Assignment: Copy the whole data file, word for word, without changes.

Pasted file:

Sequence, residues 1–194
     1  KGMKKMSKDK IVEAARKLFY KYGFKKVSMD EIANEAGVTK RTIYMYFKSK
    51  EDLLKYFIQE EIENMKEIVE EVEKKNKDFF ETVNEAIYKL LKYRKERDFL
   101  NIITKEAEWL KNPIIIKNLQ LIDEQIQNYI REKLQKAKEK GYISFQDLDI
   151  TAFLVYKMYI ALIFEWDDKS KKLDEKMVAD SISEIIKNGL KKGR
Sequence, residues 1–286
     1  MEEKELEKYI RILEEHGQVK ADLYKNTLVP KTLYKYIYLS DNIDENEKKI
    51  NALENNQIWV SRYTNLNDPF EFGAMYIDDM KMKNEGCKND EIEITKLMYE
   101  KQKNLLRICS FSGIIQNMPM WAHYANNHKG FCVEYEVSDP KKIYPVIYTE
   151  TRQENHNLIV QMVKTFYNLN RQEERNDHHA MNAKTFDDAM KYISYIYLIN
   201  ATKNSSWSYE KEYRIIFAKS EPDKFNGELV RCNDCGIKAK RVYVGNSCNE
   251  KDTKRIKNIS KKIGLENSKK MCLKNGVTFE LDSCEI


Sequence, residues 1–194
     1  KGMKKMSKDK IVEAARKLFY KYGFKKVSMD EIANEAGVTK RTIYMYFKSK
    51  EDLLKYFIQE EIENMKEIVE EVEKKNKDFF ETVNEAIYKL LKYRKERDFL
   101  NIITKEAEWL KNPIIIKNLQ LIDEQIQNYI REKLQKAKEK GYISFQDLDI
   151  TAFLVYKMYI ALIFEWDDKS KKLDEKMVAD SISEIIKNGL KKGR
Sequence, residues 1–286
     1  MEEKELEKYI RILEEHGQVK ADLYKNTLVP KTLYKYIYLS DNIDENEKKI
    51  NALENNQIWV SRYTNLNDPF EFGAMYIDDM KMKNEGCKND EIEITKLMYE
   101  KQKNLLRICS FSGIIQNMPM WAHYANNHKG FCVEYEVSDP KKIYPVIYTE
   151  TRQENHNLIV QMVKTFYNLN RQEERNDHHA MNAKTFDDAM KYISYIYLIN
   201  ATKNSSWSYE KEYRIIFAKS EPDKFNGELV RCNDCGIKAK RVYVGNSCNE
   251  KDTKRIKNIS KKIGLENSKK MCLKNGVTFE LDSCEI